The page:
At some level, American Wills have not changed much in the last 200 years: Just like in old-timey England you need to (1) state who gets what, particularly anything left-over (your residuary estate), (2) who shall manage your estate’s affairs (your Executor), (3) you need to sign your Will or have someone do it for you in your presence with your permission if you don’t do so yourself, and (4) you need two disinterested witnesses who sign your Will in your presence as you state it is your Will. However, there are a few modern developments and government programs that justify adding the following provisions to even the most routine Wills:
- Contingent Ownership of a 529 Plan: If you do not have a contingent owner of a 529 Plan that you own, you may want to specifically name who you would like to succeed you within your Will, or allow your Executor to name the new Owner.
- Ability to Create Trusts and Name Trustees: You never know whether one of your beneficiaries may become disabled, a spendthrift, he or she might end up divorcing, or could still be a minor when they receive their bequests. Allowing your Executor the ability to create trusts and name trustees should maximize the benefit to your heirs while minimizing on-going court supervision of your beneficiary’s financial matters.
- Ability to Create an UTMA Account: If your bequest to a minor is a relatively small amount, you may prefer to simply have the funds left to a Uniform Transfer to Minor’s Act account and have your Executor name the UTMA’s custodian who administers the funds (again, without recurring court oversight) until the minor reaches age 21.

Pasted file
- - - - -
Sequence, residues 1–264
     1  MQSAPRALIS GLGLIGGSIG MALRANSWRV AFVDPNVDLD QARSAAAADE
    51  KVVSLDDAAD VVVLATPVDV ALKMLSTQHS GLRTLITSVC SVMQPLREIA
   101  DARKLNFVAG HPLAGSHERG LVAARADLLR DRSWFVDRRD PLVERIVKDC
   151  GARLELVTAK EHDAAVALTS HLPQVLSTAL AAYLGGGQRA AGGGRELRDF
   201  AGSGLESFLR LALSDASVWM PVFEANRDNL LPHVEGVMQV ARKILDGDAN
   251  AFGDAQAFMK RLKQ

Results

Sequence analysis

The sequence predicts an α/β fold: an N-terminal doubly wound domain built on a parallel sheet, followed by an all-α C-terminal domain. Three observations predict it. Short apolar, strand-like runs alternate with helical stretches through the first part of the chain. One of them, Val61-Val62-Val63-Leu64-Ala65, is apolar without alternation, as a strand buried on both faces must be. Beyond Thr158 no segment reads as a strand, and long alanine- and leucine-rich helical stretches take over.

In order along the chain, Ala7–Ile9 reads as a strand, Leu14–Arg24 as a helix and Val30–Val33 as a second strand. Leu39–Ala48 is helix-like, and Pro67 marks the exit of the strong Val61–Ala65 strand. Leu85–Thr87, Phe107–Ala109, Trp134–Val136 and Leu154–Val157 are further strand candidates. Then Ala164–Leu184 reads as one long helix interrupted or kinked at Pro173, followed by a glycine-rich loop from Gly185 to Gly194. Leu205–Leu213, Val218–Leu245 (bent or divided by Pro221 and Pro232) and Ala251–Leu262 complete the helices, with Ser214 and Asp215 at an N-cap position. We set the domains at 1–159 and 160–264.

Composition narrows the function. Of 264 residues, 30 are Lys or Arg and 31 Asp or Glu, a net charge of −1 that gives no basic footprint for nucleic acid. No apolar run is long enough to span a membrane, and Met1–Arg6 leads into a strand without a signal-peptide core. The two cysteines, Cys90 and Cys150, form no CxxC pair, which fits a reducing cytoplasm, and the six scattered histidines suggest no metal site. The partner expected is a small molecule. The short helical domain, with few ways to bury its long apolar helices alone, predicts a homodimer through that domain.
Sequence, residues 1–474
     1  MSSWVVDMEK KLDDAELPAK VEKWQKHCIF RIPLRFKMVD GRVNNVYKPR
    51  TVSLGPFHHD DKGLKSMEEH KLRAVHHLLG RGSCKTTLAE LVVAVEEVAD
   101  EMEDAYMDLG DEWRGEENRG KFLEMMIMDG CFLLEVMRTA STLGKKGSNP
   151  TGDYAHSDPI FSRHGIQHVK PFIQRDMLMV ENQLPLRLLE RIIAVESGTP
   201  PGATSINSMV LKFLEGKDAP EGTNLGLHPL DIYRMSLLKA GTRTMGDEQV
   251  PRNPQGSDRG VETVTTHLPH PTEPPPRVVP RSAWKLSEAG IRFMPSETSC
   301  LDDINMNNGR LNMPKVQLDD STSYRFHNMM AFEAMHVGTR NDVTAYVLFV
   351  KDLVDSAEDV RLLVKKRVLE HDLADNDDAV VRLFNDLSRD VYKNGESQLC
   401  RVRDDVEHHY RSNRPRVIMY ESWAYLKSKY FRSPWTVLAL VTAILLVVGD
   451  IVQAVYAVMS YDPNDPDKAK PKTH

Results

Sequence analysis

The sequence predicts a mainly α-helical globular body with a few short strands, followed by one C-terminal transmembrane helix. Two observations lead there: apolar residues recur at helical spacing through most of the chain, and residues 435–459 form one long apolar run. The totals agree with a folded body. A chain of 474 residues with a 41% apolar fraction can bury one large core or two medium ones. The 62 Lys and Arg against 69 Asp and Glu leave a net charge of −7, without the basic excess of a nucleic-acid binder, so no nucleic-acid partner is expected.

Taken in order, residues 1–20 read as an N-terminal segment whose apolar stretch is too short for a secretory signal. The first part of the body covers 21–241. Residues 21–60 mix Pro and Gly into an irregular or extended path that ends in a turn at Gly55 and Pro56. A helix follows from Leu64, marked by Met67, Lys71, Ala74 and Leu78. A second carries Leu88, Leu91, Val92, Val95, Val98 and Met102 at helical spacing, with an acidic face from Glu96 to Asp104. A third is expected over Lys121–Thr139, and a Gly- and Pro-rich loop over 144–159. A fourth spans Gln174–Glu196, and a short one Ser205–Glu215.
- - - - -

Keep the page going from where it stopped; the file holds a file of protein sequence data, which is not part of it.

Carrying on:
- Conformity With “Stretch IRA” Distributions. If you name “My Estate” as your beneficiary under your IRA the funds must be distributed within 5 years, meaning income taxes may be unnecessarily accelerated. If, instead, you create a testamentary trust with the proper trust requirements to stretch the IRA, your beneficiaries should be able to maintain continued income tax deferral and compound IRA growth.
- A Mechanism to Name Future Executors. If the people you have named as Executor are unable or unwilling to serve, an interested party may have to Petition the court to be named as Executor. You may prefer having a mechanism to decide who should be able to succeed your initial choices, such as “All my living adult descendants shall vote by a majority who should serve” or “my beneficiaries shall unanimously choose an outside party to serve as Executor.”
Taking these steps may help minimize future court costs, maximize tax deferral, and leave proper guidance to your beneficiaries.